When you factor in the performance, it’s worth dealing with fit and finish issues. The paint can be fixed and the fit (if you care) can be fixed too. BMWs ugly grill can’t be as easily fixed. Lexus’ predator face can’t be as easily fixed. I could get a Taycan, but the 3 is about $60k to $100k cheaper. So, you price in any fixes the car might need. I would even send my BMWs to a tuner to have changes.

            Maybe because I grew up around Italian exotics. You’d have plenty of fit and finish issues. Corvettes used to have crappy orange-peel paint. I remember Stanford Chevrolet in Dearborn repainting some of them before they even put them on the lot.

          • 0 avatar
            Art Vandelay

            An OEM quality paint job can be a 5 figure proposition. No, one should not expect to have to paint a new car.

            Styling issues you point out are subjective. If GM or Ford were turning out cars that needed repainted you people would be wailing. Post something about Ford Explorers and misaligned trim and you’ll have 300 commenters talking about what crap they are.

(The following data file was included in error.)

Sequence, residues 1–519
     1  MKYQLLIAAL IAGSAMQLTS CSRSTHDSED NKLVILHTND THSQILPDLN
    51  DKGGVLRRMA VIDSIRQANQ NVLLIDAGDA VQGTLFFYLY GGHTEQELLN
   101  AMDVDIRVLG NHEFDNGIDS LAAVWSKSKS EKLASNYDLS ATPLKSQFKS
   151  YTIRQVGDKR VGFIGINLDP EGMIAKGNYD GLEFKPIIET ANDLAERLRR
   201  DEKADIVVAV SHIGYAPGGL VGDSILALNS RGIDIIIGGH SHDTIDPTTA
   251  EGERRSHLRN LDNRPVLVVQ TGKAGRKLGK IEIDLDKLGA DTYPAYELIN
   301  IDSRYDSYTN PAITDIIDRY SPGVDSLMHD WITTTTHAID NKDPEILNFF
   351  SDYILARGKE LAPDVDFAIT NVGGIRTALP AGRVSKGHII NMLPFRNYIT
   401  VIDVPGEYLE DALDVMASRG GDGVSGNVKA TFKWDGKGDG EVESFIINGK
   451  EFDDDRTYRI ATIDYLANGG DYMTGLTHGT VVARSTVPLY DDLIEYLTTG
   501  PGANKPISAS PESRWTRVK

And that is fair. When they do boneheaded stuff, they should get called on it. It is only Tesla where anyone would say “you can just repaint it” and have an army of keyboard warriors bash you if you have the gall to suggest that maybe they should just paint the car right the first time.

            These are not mistakes that serious carmakers get away with. You mention Italian Exotics. Cool. I would counter with asking if Tesla is a real, mainline automakers for the masses or a builder of toys for the rich that remember fondly the flaws their exotics haven’t had for the past 30 years.

          • 0 avatar
            ajla

            “When you factor in the performance”

            It just depends what someone’s “performance vs F&F” lines look like. There’s people that would be fine with a 7.5 0-60 time if it meant they got exceptional build quality to go along with it.

            And although I don’t find many modern cars especially attractive, the amphibious looking 3 and Y aren’t beauty contest winners either IMO.

        • 0 avatar
          Art Vandelay